There are plenty of Olympians with unique backstories, but not too many who entered from the sports media world. That’s the case with U.S. rower Meghan O’Leary, though. After playing both volleyball and softball at the University of Virginia, O’Leary worked in programming and production at ESPN for five years. It was a quick internet search during her time there that led her to where she is today, as she told ESPNw’s Blair Henley:

Ask any elite athlete how she made it to the Olympics, and she will probably tell you a story about falling in love with her sport as a child. I am not one of those athletes.

My Olympic journey began only six years ago when I Googled “rowing lessons” in Hartford, Connecticut. Working as a programming coordinator for ESPN in nearby Bristol at the time, I figured rowing could be a fun competitive outlet. I played volleyball and softball at the University of Virginia, but the rowing coach always told me he thought I was built for his sport. This was a chance to see if he was right.
Meghan O’Leary: I played volleyball and softball at the University of Virginia, but the rowing coach always told me he thought I was built for his sport. This was a chance to see if he was right.
Rachel Pearson

Meghan O’Leary: “I played volleyball and softball at the University of Virginia, but the rowing coach always told me he thought I was built for his sport. This was a chance to see if he was right.”

I’ll never forget walking down to the boathouse for the first time. I had absolutely no idea what I was doing, which was part of the allure. As a kid, you’re not self-conscious. As an adult, you have to overcome that initial fear of looking ridiculous. And, as a 25-year-old, I saw that as the ultimate challenge.

I was invited to join the team at the U.S. rowing training center in Princeton, New Jersey, less than six months later. It was a big surprise. And it didn’t take long for one of my fellow athletes to start asking the questions I’m sure everyone was wondering: “Who are you? Where did you come from? What were you doing before this?”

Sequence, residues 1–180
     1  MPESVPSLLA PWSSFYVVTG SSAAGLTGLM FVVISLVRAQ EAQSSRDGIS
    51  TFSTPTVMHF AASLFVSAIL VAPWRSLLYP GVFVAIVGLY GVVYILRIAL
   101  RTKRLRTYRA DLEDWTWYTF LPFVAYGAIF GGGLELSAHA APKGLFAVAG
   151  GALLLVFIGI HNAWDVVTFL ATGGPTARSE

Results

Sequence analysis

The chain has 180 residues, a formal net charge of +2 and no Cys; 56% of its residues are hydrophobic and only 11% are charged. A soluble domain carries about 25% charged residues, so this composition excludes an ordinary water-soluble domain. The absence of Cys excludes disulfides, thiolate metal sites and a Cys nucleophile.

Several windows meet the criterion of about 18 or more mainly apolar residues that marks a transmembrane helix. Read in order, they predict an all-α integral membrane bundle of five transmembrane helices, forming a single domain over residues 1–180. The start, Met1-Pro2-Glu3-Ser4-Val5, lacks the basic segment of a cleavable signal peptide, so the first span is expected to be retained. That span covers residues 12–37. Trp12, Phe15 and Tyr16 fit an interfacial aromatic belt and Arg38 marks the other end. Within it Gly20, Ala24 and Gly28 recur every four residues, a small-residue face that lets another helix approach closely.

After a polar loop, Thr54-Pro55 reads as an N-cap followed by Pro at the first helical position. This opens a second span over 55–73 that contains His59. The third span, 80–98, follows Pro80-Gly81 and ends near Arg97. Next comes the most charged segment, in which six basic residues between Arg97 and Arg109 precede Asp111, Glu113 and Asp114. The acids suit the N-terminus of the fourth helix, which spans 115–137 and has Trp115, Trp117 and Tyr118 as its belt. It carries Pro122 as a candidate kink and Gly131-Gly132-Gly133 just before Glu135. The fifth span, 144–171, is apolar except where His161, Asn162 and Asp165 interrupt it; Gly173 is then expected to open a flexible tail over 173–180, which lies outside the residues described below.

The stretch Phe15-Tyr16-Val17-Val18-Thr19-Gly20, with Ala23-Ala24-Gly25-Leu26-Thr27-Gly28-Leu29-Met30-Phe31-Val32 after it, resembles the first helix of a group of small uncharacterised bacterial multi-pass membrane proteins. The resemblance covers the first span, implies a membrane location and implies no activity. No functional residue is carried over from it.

The last one was easy. I had a full-time job — a dream job at that. I had already worked out a part-time arrangement with ESPN in which I could work remotely when I wasn’t training. While my fellow athletes slept and recovered, I answered emails and hopped on conference calls.

By 2013 I knew I needed to let go of one dream job to pursue another. It was clear that the Rio Olympics was within my reach. Thanks to some encouraging friends and family, I took that last step off the ledge and left ESPN to train full time.

Since then, O’Leary has been paired with two-time Olympian Ellen Tomek in the double sculls, and they’ve found a lot of success. There have been setbacks, though, including at last year’s world championships. That helped convince them to use their own money to hire Sarah Trowbridge as coach, and she helped them hit a new level, which led to them finishing first at April’s Olympic trials and locking up their spot in Rio. We’ll see how they do, but O’Leary’s story is certainly an impressive one, and an unusual one. ESPN has been wise to spotlight it in venues from ESPNw to ESPN Front Row to a video piece that aired on SportsCenter. We’ll see how she does in Rio, and how ESPN covers her performance.

About Andrew Bucholtz

Andrew Bucholtz is a staff writer for Awful Announcing.

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